The leopard (Panthera pardus) is one of the five "big cats" in the genus Panthera. It is a member of the family Felidae with a wide range in sub-Saharan Africa and parts of Asia. Fossil records suggest that in the Late Pleistocene it occurred in Europe and Japan.
The leopard is distinguished by its well-camouflaged fur, opportunistic hunting behaviour, broad diet, and strength (which it uses to move heavy carcasses into trees), as well as its ability to adapt to various habitats ranging from rainforest to steppe, including arid and montane areas, and its ability to run at speeds of up to 58 kilometres per hour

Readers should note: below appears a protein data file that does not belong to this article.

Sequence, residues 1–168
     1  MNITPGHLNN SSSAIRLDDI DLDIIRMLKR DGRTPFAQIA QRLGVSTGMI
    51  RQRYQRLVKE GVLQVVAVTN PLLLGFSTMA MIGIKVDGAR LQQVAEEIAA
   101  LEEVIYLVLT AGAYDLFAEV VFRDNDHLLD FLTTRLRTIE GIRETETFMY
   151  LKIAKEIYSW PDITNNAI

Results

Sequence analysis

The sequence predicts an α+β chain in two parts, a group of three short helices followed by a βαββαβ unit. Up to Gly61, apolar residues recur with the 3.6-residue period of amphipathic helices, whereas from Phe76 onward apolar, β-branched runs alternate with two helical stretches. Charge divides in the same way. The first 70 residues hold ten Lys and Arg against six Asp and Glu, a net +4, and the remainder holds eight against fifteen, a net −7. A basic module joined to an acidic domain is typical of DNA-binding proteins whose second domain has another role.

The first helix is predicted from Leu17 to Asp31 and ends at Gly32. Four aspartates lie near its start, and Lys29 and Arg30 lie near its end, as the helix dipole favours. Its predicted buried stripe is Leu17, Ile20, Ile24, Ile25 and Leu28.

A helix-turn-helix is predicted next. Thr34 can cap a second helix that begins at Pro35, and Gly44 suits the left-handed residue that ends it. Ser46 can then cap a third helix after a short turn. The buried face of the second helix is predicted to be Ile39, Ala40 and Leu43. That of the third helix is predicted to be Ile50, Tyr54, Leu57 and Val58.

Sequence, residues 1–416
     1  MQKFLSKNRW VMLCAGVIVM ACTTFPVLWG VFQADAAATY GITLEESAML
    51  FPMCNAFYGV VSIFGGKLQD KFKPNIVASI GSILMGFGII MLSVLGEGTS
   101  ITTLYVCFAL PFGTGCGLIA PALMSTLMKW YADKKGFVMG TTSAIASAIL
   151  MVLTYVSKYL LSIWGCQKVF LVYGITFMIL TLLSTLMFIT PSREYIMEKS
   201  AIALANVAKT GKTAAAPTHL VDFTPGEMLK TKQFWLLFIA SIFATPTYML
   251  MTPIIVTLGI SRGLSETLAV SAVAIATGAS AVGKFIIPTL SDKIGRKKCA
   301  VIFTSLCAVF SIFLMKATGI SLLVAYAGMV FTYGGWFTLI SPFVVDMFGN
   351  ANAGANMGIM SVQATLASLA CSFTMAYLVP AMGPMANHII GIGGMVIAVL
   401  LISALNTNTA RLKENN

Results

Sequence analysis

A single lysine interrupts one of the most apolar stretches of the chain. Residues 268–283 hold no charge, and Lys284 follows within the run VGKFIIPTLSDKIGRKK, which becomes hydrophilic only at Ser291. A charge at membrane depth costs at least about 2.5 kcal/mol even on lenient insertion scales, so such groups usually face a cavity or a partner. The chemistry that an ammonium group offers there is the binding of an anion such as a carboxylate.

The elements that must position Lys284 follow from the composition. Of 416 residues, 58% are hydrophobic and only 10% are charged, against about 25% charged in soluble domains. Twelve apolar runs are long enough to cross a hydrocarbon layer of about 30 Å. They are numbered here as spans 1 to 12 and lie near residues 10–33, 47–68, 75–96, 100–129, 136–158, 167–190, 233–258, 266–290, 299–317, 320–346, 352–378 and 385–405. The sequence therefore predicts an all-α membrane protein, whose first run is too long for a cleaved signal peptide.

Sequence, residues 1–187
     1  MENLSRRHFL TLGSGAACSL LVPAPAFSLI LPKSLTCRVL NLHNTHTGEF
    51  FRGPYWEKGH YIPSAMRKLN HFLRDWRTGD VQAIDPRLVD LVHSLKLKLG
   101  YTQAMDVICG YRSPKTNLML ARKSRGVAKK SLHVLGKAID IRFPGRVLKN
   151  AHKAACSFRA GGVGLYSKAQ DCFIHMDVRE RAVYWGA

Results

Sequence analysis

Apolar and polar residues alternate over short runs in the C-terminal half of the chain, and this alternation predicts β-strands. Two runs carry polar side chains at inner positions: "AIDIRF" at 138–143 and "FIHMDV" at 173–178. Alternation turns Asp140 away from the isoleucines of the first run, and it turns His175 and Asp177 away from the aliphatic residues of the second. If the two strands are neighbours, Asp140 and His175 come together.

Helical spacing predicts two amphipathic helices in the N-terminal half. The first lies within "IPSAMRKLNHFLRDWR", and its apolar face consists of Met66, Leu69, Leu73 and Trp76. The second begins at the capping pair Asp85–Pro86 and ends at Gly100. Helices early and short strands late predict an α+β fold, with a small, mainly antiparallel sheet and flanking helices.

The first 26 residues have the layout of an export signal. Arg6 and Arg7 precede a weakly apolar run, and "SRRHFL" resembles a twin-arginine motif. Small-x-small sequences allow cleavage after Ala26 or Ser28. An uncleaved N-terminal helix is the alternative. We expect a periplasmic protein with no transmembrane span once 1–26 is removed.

The leopard is listed as vulnerable on the IUCN Red List because leopard populations are threatened by habitat loss and fragmentation, and are declining in large parts of the global range. In Hong Kong, Singapore, Kuwait, Syria, Libya, Tunisia and most likely in Morocco, leopards have already been extirpated. Leopards are hunted illegally, and their body parts are smuggled in the wildlife trade for medicinal practices and decoration.